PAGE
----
US Military “Not Secure”

Welcome back Rankers! Have you got all your HTTP done? We were talking to a few clients at the end of January who still hadn’t had their HTTPS done. Many still had HTTP for most of their sites, but their password areas, their shopping carts, or anywhere they were collecting credit cards they actually had put in place HTTPS. They’d done that earlier but still hadn’t done it on the rest of their site.

We thought, “Well, it’s working, there’s no warnings, should be fine, right?” And it is for the most part. But here’s something disturbing.

A Non-Secure World

I’m using the Chrome 57. Chrome 56 is now out, so the warnings are now showing as ‘Not Secure.’ They’re the ones I showed you a couple of weeks ago, and they are now all live if you have a site that is not using HTTPS on your credit card or password areas. So I was looking at Chrome 57, which is in beta, and this is in the new 56 as well, you can actually go and see the red warnings, and how it applies to every page. If it is HTTP, you will see a warning like this.

So this is the U.S. Army. It is secure according to the browser, as you would expect. This, though, is the U.S. Strategic Command, and as you can see, it shows ‘Not Secure.’ Not the message you want on your website I wouldn’t have thought. Then we have the Navy and Air Force. Both similar. The U.S. House of Representatives is also ‘Not Secure’ according to Google.

Strategic Command Not Secure
Strategic Command Not Secure

Same in Australia. There are so many banks using HTTP, such as Suncorp, and Business Insider magazine who incidentally are running a story on the subject on a ‘Not Secure’ page. Hmm. Bankwest and Bendigo Bank are large banks here, we have Dell computers, and the list goes on and on.

Bendigo Bank not secure
Bendigo Bank not secure

In Australia, we are no better. We have the Australian Signals Directorate, which makes me laugh because they’re the ones that came out in 1998 and told Australia that we should be able to control our citizens and stop them doing naughty things online. That’s when they were trying to censor Australia’s Internet. So their site is ‘Not Secure’, which is unfortunate as their tagline is, “Reveal Their Secrets – Protect Our Own.” They might want to start with getting HTTPS on their site. Our Royal Navy and Air Force aren’t secure, but strangely, our Army has it. Both the U.S. and Australian armies have it, but the corresponding Navies and Air Forces do not. I don’t know why.

ASD Not Secure
ASD Not Secure

No Grey Areas

Now I have this set up on my machine now so I can go and look at any site and immediately see either a green or red warning, or a grey one which will usually mean that parts of the site are secure, others not so. You really need it to appear green in Google Chrome so that you know your HTTPS is correct. So you can see there is going to be a time when you are going to have to get HTTPS on every page.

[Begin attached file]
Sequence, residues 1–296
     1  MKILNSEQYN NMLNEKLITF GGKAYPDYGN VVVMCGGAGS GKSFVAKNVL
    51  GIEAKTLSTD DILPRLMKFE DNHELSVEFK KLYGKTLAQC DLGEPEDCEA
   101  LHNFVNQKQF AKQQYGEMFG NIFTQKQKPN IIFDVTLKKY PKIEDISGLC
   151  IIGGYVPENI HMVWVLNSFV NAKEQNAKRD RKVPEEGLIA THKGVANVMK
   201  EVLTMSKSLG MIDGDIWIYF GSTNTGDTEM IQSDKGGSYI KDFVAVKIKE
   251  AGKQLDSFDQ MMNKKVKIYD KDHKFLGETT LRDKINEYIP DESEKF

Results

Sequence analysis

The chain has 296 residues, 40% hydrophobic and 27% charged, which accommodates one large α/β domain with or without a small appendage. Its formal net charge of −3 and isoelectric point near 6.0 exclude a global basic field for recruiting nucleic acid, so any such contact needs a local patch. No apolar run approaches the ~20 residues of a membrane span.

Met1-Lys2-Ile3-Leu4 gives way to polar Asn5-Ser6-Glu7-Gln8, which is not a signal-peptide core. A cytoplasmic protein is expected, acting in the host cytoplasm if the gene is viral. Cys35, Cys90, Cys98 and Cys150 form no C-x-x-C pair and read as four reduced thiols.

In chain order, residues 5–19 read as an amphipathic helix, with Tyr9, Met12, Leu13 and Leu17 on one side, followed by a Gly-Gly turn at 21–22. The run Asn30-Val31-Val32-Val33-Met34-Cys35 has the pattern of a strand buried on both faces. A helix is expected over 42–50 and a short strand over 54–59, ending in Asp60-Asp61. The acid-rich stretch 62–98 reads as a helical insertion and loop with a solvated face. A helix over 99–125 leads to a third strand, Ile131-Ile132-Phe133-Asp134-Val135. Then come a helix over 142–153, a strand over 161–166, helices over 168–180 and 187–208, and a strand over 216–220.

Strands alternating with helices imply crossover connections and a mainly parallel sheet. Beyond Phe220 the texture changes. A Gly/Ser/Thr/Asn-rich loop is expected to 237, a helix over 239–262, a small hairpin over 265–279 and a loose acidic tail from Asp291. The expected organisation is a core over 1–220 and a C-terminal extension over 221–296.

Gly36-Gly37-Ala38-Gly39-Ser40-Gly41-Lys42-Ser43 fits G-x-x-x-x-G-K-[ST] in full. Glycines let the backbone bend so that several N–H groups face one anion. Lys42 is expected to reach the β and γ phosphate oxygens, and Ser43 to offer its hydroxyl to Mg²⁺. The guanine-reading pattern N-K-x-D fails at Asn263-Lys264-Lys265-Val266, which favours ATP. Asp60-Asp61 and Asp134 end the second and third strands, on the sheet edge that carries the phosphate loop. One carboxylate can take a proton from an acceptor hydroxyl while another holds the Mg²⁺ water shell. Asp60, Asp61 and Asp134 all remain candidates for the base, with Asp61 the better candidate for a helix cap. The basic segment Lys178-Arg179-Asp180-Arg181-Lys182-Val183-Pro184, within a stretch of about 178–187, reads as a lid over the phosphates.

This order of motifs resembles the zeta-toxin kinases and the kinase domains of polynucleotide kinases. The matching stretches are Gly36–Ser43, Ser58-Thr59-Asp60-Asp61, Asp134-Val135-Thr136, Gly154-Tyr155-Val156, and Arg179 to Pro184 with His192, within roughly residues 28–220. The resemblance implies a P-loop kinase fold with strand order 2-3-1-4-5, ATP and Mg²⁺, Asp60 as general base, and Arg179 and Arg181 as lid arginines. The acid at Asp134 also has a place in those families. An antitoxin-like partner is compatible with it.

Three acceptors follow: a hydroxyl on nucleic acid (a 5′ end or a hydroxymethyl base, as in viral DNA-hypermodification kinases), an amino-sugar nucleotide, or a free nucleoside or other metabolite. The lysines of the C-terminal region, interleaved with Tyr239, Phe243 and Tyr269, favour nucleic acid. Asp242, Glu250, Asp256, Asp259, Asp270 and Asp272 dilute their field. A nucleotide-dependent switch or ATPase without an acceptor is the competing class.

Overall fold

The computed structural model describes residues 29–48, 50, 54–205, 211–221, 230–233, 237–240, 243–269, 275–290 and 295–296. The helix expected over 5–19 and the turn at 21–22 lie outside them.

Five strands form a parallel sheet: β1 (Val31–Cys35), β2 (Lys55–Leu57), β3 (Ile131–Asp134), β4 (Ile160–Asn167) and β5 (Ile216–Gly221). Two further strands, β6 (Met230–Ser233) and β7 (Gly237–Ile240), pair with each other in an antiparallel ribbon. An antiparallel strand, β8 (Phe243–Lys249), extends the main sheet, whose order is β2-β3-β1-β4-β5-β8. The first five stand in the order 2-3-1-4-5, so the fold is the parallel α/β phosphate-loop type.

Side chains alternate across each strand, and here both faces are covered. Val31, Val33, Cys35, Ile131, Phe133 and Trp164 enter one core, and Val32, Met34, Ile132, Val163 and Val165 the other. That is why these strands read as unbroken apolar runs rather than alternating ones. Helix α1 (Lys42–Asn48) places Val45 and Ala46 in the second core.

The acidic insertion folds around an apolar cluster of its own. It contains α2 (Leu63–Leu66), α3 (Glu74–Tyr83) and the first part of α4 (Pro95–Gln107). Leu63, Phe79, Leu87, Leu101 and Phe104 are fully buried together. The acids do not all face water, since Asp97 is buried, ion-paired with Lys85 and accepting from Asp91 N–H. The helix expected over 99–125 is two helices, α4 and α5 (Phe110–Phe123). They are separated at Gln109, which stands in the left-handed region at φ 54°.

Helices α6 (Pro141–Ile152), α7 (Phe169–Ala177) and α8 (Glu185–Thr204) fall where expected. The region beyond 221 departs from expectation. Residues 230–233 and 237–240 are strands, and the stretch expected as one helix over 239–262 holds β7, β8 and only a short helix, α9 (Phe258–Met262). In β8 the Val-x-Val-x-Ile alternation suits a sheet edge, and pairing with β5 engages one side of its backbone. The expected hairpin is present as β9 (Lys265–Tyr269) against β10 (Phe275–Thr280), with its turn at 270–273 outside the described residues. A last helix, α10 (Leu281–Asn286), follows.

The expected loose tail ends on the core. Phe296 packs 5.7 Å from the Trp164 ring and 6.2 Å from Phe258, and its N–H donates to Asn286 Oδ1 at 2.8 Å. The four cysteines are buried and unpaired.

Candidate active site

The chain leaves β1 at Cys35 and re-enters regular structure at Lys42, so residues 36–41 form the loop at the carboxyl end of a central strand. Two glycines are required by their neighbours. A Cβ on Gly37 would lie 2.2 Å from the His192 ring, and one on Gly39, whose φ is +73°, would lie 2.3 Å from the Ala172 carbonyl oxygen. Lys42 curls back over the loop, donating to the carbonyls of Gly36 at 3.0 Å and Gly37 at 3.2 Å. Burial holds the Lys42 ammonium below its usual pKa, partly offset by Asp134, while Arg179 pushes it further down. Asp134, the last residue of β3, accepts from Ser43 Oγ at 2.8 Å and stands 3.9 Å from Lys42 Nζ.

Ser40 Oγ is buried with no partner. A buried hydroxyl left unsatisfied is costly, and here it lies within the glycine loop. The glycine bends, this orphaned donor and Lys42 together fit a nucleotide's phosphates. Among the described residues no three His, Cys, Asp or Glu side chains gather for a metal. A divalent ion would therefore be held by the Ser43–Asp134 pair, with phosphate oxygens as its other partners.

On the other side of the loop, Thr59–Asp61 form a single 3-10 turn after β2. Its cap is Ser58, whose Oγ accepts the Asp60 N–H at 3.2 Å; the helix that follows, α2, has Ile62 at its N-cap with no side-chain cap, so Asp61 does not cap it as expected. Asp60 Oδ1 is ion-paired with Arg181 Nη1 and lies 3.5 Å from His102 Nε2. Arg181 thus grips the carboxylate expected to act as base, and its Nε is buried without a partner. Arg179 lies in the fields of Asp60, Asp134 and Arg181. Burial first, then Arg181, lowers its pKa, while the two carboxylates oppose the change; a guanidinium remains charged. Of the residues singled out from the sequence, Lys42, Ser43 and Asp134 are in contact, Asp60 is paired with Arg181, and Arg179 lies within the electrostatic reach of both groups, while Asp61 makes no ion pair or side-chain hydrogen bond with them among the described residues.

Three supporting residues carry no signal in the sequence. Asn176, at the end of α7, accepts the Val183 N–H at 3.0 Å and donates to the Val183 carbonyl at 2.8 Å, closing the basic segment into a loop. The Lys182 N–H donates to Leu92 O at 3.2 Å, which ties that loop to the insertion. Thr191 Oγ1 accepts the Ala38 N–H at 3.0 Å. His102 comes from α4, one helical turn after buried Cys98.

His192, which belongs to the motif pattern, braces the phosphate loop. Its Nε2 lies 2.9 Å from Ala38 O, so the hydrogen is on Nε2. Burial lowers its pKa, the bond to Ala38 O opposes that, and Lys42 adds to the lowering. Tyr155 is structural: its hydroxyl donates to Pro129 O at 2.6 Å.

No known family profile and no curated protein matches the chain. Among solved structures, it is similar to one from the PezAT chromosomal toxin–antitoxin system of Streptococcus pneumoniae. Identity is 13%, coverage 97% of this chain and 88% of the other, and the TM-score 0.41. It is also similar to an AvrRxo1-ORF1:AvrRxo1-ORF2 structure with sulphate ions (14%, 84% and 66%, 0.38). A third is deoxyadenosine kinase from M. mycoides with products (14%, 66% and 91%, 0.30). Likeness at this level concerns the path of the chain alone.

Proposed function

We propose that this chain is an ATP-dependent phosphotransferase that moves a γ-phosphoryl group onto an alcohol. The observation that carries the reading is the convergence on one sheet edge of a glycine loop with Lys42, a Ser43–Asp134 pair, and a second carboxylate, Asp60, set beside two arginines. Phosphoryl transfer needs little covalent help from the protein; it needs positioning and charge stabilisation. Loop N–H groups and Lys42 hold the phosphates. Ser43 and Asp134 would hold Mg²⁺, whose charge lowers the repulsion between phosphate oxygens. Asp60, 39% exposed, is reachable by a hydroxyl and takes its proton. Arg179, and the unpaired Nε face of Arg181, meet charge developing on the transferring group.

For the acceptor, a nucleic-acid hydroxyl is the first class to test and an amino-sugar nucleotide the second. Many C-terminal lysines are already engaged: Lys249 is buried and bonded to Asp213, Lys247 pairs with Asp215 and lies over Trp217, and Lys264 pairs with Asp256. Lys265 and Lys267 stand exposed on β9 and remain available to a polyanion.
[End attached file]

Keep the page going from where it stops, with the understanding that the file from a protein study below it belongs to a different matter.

If you want to set this up yourself and go have a look and those sorts of things, you need to go to chrome://flags/#mark-non-secure-as. Then you need to select ‘Always mark HTTP as actively dangerous.’ The current default state will be ‘Display a verbose state when password or credit card fields are detected on an HTTP page.’ Therefore, there’s only one real place Google can go after this. It’s not going to go half way as keep it as secure on every non-HTTP page. I don’t think they’ll do a grey ‘Not Secure’ on every HTTP. It looks like they are going to go straight for a red warning for HTTP. There won’t be some sort of interim grey warning for HTTP pages that also collect credit cards and passwords. It won’t go to grey ‘Not Secure’ rather it will have the red ‘Not secure’ and that is the next step.

Prepare To Migrate

I don’t know when it is going to happen but it’s already in this browser. It was in 56 and this is 57, so I would think this year. If you haven’t planned to migrate your entire site to HTTPS, even if you don’t collect credit cards or passwords, even if it’s a non-transactional site, you should probably start preparing for it sometime this year.

That is it for this week’s show. Hopefully that’s helpful. If you have any questions, just shoot them through. If you have a review you want doing on a site, or you have questions about SEO, shoot them through and we’ll take a look. If we can do it on the show, we will. Remember to head across to www.bloggersseo.com if you’re a blogger and you want to learn more about SEO. If you want to be notified when we get the latest news out to you, head across to www.stewartmedia.com.au and sign up there. If you’ve already joined and it helped you, please tell your friends. Thanks very much. I’ll see you all next week. Bye.